This is the woman whose statue will replace that of Robert E. Lee in the US Capitol

When Barbara Johns was just 16 年, she led a walkout at her high school to protest poor and unequal school conditions. The moment is one that many historians believe helped launch the desegregation movement in the US.

今, Johnswho died in 1991 — will be memorialized at the US Capitol, replacing Virginia’s statue of Confederate Gen. Robert E. Lee.
By law, all states are allowed to donate two statues to the US Capitol for display around the building as part of the National Statuary Hall Collection, そして they’re able to replace existing statues through a process that involves the state’s legislature and governor.
The removal of the statue of Leeone of several statues around the Capitol depicting Confederate soldiers and officialsis part of a larger trend of relegating symbols of the Confederacy, due to their racist nature.
    声明の中で, Virginia Gov. Ralph Northam described the removal of Lee’s statue as animportant step forwardfor the state.
    I look forward to seeing a trailblazing young woman of color represent Virginia in the U.S. 国会議事堂, where visitors will learn about Barbara Johnscontributions to America and be empowered to create positive change in their communities just like she did,” 彼は言った.
    It’s not clear when the statue of Johns will be erected for displaybut Northam’s office announced that the statue of Lee was removed from the US Capitol overnight on Sunday.

    Johnsschool was overcrowded

    に 1951, at the time of the walkout, Johns attended the all-Black Robert Russa Moton High School in Farmville, バージニア.
    The school, now a national historic landmark and museum, is described asthe birthplace of America’s student-led civil rights revolution,” によると to the Moton Museum website.
    When Johns was a student, the school’s facilities lacked science labs, a gym and a cafeteria, according to Encyclopedia Virginia. There was no plumbing. The school equipment was old and shabbyespecially compared to the equipment at the nearby all-White Farmville High School. The buildings were heated by wood stoves.
    The school was also overcrowdedthough it was built to accommodate 180 学生, it was being used for more than 400 at the time, による Encyclopedia Virginia. The county had built several freestanding buildings of plywood and tar paper in an attempt to hold the overflowing students.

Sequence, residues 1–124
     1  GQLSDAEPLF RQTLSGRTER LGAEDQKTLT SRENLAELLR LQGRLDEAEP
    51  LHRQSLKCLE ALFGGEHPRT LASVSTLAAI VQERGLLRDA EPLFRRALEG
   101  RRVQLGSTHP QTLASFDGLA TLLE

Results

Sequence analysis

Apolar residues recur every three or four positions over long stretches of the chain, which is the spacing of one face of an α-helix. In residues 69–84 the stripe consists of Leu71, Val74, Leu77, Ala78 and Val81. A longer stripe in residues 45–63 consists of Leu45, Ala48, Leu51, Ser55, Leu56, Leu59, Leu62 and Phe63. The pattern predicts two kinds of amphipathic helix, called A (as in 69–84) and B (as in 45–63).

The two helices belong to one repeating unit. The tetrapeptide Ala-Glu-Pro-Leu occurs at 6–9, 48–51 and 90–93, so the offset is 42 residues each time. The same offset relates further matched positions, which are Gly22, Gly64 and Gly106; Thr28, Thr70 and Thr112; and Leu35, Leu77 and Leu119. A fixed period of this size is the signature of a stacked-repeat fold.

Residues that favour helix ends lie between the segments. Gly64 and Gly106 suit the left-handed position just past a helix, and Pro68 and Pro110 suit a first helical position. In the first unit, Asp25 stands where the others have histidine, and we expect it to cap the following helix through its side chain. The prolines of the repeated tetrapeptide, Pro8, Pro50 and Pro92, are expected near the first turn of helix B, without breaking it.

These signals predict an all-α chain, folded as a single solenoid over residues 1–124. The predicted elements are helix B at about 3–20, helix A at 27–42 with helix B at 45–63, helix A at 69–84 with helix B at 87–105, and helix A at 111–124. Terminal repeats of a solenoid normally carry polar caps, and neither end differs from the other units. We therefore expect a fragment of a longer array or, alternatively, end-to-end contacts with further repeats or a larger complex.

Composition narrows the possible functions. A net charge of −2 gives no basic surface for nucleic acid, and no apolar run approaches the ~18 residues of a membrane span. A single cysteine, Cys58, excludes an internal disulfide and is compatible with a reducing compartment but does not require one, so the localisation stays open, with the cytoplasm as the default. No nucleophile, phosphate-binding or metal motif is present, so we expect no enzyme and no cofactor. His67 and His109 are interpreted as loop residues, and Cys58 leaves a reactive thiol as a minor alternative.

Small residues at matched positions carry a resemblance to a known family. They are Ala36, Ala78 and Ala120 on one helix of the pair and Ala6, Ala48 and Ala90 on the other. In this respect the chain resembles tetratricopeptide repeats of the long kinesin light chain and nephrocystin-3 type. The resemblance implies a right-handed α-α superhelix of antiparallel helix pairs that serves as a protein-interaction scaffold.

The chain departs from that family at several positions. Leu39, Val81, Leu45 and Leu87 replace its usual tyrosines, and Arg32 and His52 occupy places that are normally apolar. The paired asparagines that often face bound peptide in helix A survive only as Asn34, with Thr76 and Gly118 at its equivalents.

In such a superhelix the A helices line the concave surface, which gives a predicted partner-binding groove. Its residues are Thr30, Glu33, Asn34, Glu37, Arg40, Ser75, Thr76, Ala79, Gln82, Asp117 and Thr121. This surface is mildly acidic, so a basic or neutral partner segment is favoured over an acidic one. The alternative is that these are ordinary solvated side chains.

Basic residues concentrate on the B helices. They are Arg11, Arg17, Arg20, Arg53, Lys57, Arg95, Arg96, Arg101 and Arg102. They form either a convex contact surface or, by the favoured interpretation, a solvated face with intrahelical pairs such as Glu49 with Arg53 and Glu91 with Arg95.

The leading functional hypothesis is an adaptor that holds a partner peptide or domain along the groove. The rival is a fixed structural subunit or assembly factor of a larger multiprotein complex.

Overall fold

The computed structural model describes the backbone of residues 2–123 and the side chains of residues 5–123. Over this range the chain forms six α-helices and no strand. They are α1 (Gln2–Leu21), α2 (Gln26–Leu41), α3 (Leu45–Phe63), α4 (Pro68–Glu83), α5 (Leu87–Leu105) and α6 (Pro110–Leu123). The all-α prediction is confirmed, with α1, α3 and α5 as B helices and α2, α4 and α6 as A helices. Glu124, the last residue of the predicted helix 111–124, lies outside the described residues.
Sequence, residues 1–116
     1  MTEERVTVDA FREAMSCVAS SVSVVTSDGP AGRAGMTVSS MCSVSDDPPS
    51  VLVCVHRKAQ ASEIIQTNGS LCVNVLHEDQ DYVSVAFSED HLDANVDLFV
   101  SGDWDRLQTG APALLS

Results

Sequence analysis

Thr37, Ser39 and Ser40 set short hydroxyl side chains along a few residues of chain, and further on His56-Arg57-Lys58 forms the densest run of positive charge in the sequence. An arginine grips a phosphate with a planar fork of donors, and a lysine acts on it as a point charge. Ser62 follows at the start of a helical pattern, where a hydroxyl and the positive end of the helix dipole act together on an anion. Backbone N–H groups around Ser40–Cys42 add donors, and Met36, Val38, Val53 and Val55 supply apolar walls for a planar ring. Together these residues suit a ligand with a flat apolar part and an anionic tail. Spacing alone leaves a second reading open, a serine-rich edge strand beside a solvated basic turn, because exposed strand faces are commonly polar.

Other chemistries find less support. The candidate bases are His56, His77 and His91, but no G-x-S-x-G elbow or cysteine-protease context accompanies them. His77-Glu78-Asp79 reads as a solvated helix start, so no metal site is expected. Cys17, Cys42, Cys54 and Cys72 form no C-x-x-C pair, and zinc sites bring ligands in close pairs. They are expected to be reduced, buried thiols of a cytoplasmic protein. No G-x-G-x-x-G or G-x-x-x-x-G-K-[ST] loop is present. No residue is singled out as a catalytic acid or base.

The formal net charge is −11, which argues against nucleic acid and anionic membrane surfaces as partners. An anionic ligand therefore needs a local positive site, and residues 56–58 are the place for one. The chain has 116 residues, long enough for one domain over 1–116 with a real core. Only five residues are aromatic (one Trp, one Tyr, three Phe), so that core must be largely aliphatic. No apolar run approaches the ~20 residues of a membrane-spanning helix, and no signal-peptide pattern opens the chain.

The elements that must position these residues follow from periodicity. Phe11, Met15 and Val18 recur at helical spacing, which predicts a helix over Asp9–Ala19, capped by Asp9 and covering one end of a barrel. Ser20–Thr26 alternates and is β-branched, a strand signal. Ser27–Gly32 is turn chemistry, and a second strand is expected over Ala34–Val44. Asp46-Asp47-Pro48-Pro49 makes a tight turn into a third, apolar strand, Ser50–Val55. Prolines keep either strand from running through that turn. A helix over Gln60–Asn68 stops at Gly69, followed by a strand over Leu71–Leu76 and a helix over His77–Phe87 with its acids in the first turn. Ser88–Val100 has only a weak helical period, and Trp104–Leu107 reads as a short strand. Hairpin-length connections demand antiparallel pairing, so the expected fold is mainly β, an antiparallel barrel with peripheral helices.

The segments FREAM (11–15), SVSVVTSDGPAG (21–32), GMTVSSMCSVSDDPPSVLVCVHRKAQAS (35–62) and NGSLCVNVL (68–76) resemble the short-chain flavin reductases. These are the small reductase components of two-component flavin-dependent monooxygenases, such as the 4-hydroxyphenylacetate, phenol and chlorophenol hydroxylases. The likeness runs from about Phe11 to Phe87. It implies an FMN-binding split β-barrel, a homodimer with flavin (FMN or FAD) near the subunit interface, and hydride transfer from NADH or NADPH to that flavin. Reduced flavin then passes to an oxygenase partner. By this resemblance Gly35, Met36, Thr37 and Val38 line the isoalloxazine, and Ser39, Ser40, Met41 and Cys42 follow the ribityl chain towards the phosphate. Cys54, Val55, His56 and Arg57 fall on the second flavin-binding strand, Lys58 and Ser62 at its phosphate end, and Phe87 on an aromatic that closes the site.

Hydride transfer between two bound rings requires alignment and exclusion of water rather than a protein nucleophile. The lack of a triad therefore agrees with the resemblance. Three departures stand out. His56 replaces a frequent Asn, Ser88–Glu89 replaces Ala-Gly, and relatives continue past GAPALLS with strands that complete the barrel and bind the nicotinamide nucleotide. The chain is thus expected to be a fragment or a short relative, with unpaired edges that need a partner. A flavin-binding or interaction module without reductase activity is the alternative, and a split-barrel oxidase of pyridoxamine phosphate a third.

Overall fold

When Johns complained to a teacher about the school’s conditions, the Moton Museum 前記, she got this response: “Why don’t you do something about it?”
    So she did.
    四月に 23, 1951, Johns led her classmates on a two-week strike, during which students refused to attend classes.
    Their actions got the attention of the Virginia chapter of the NAACP, who agreed to take on their case to challenge the constitutionality of segregation, Moton Museum said.
    Three years later, に 1954, their caseDavis v. County School Board of Prince Edward Countywas one of the five bundled with the 1954 Supreme Court case Brown v. Board of Education, which declared school segregation unconstitutional.

    Johnslegacy lives on

    に 1953, Johns and her peers were able to move into a new school with facilities that were just as good as the nearby all-White school, Encyclopedia Virginia reported.
    Still, Prince Edward County, the county where Farmville is located, continued to fight desegregation for years following Johnsprotest and Brown v. Board.
    White Virginians launched a campaign of massive resistance, according to the Brown v. Board of Education NHS Visitor Center website.
    The Board of Supervisors for Prince Edward County refused to appropriate any funds for the County School Board for the period 1959-1964,” ウェブサイトは述べています, “effectively closing the public schools rather than integrate them.The county schools remained closed for five years.
    Johns, しかしながら, moved to Alabama to finish her schooling and ultimately graduated from Drexel University in Philadelphia, according to the Moton Museum. She went on to become a librarian after college.
    Her US Capitol statue will be the latest public recognition of her contribution to the Civil Rights movement.
    に 2017, the building housing the Virginia Office of the Attorney General was named after her.
      4月 23 — the first day of the historic strikeis celebrated in Virginia as Barbara Johns Day.

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